Janet Hughes

Your Independent Consultant


Twice in my life I’ve had the opportunity to live off what my family has stored. Once as a teen. Once as the mother of five.

Gratefully, as a young wife and mother, building our home store had begun early enough that even with our little budget we had sufficient for our few short months of need. Then it was time to rebuild.

Knowing now how/what we ate made a great change in the way I began to look for goods to store. Why store what we wouldn’t/didn’t know how to eat? Then my sister-in-law, Fran began to rave about the THRIVE foods. One taste and I knew it was what we needed to be storing, but how on our little budget? Fran and Shelf Reliance had the answer. I could host a party or better yet, become a consultant. Though not a short road, Fran walked me through how she was able to work with Shelf Reliance without taking great sums of time from her family…this might be something I could actually do…


I love it! I love the food! I love the Q! I love seeing others build their home stores! I love watching my home store grow! Most of all I love the way using the THRIVE products in my everyday life pays off in purchasing less at the grocery store, which pays for my Q!!

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Water (Got Enough?)

January 16, 2013

Rule of 3’s

You can live only

3 hours without shelter;

3 days without water;

3 weeks without food.

Need Could Arise Anytime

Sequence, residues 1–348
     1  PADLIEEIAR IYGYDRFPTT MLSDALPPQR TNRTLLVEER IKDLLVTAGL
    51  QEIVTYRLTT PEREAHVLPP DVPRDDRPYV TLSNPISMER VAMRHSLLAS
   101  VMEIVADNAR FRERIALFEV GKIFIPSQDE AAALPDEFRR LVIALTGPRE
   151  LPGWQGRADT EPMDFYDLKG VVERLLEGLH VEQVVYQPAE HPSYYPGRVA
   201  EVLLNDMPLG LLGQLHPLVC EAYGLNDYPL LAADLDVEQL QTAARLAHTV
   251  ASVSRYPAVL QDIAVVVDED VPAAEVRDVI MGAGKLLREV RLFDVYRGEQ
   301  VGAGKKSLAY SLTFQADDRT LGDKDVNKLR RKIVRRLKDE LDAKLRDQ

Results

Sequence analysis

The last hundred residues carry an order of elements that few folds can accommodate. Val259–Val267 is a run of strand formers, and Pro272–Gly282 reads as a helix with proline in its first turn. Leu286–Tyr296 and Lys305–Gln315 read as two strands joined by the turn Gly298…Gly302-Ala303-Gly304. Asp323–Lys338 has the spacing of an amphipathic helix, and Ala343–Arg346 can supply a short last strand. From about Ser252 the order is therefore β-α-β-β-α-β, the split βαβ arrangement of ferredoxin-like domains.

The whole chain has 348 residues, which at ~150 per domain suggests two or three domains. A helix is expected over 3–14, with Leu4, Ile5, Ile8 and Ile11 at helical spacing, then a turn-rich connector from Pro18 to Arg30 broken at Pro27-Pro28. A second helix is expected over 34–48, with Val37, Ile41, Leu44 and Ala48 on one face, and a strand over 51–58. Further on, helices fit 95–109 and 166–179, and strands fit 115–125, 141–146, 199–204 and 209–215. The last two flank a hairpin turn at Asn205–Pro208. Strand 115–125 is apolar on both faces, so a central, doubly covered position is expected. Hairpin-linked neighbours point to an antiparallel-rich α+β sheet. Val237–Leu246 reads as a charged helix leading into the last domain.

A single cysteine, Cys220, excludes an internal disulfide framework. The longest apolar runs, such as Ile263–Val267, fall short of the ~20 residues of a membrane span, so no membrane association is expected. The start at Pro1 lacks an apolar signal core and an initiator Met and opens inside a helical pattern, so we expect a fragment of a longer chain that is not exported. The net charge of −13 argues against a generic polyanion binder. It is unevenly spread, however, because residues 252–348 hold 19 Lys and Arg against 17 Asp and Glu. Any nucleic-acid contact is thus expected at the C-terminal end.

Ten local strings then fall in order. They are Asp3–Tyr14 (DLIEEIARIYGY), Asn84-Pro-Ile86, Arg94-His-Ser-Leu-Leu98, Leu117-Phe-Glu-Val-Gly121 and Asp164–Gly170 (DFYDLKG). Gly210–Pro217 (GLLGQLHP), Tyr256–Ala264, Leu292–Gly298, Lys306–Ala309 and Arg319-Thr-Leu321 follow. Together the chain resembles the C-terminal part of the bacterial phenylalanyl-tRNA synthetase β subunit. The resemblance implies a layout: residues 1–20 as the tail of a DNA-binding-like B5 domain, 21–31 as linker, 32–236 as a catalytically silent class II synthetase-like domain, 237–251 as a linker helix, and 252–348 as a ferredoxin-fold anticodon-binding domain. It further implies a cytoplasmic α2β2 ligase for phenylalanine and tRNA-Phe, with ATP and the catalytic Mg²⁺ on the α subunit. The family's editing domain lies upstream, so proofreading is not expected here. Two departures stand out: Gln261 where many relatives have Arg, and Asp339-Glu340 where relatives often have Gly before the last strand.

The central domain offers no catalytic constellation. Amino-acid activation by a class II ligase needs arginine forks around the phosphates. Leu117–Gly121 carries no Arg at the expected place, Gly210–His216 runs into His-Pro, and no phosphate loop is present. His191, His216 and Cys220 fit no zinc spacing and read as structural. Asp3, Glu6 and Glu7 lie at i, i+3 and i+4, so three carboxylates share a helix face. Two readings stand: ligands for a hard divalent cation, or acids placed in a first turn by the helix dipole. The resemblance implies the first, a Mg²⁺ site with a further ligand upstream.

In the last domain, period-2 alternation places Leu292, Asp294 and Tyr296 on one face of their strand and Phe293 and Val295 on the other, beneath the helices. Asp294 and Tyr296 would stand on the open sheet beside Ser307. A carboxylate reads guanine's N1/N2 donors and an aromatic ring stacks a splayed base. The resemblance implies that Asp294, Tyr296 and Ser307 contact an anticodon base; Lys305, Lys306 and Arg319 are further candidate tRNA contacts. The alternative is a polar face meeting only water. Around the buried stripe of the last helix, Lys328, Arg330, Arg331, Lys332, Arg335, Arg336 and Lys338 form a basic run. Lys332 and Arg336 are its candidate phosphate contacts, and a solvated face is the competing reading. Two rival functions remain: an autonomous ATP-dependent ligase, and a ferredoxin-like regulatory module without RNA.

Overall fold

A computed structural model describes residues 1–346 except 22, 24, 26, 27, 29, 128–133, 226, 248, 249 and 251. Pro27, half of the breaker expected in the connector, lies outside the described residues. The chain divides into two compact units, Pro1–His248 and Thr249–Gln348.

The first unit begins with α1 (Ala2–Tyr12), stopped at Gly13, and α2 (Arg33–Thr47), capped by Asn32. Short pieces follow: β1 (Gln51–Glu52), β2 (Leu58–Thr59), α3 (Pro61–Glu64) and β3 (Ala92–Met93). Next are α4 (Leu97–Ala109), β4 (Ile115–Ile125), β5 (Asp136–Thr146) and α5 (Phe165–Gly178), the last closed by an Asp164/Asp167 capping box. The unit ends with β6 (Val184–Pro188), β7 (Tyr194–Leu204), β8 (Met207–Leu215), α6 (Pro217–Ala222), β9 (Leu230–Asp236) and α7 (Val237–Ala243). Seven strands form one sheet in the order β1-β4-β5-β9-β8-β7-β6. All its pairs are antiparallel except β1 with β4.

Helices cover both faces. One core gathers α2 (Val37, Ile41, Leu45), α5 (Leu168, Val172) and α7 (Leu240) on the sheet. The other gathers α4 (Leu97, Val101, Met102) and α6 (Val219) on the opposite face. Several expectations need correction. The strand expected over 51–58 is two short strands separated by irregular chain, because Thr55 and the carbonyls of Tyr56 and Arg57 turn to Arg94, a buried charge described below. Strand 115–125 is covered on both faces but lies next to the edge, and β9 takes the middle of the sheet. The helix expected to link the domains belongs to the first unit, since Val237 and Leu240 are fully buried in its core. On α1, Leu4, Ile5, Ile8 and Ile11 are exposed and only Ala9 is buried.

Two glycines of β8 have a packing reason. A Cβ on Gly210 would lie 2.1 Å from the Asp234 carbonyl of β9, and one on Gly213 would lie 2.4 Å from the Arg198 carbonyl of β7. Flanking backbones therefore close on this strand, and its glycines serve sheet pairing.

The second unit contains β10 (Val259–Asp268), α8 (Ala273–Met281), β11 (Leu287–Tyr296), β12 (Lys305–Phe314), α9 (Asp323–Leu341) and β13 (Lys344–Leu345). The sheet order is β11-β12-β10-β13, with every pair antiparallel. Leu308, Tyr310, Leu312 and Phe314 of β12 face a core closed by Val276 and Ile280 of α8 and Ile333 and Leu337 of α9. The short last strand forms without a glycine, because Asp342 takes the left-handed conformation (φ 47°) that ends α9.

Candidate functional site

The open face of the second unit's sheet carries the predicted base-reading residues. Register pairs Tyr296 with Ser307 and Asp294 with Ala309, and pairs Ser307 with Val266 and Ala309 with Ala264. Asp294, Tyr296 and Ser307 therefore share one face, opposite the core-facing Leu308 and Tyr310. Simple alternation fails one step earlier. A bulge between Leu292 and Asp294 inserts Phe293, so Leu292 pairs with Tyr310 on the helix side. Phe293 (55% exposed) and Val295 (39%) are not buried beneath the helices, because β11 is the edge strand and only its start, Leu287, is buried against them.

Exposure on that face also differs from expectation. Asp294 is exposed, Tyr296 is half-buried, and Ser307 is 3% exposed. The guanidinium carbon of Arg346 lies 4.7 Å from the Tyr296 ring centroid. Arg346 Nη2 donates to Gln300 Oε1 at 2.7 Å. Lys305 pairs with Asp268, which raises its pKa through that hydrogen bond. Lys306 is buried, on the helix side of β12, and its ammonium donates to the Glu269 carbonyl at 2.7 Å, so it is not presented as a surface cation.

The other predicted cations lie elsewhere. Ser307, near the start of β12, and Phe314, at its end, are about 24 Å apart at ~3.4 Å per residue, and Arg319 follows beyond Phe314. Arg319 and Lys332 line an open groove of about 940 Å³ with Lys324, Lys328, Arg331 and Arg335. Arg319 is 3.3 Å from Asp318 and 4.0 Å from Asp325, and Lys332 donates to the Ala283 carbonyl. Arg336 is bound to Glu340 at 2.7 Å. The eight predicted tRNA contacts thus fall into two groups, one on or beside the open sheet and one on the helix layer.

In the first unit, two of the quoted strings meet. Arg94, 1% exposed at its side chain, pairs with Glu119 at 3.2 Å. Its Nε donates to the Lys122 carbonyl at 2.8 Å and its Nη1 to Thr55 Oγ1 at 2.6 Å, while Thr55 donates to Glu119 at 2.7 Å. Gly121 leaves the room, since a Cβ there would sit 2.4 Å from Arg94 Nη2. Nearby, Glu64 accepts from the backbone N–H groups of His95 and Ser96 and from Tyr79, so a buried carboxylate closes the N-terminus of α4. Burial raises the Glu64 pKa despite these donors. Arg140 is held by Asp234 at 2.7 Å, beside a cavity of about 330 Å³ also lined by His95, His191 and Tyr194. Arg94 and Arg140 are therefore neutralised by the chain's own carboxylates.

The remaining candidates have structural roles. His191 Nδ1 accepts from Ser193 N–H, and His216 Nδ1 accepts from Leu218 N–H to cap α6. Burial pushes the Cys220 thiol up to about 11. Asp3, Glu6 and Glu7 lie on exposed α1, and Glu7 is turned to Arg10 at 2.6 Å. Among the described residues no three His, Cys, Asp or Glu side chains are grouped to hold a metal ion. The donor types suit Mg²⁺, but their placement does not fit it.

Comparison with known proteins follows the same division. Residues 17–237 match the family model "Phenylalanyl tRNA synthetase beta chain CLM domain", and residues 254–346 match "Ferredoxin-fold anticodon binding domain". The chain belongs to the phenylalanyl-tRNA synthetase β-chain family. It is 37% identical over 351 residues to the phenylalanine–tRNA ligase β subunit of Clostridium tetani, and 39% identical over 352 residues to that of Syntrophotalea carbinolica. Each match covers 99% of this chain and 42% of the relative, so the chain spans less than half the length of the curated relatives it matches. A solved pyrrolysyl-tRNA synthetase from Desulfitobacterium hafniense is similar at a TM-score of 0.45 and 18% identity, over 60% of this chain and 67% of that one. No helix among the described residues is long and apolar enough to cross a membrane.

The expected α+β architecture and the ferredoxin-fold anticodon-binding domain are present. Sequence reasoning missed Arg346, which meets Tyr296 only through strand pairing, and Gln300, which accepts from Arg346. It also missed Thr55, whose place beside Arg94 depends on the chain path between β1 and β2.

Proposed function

Your personal “emergency” could find you at any time. Thinking through and preparing for all possibilities could put you in a much better position.

Christmas morning, a Sister woke to find she had no water in her home. A pipe had broken in the night and she was without. Concerned mainly with the need to hydrate her body and create a meal for her family, she overlooked that the treated water in the pool next door could at least be used to flush the toilets or wash her body. Who thinks clearly when unprepared for an emergency?

How Much is Needed?

The average human has the need to intake at least 2 quarts (half gallon) of water per day; expectant or nursing mothers, children, and the sick have need of more. The Department of Defense and the Office of Civil Defense recommend “that a gallon of water per day per person be stored for food preparation and drinking… An additional one-half to 1 gallon per day is recommended for bathing and hygiene, and to wash dishes.” I’d just like to ask, “What kind of bathing will you be doing with just a half-gallon a day; and what about toilet flushing? Shouldn’t that be considered when thinking of hygiene?”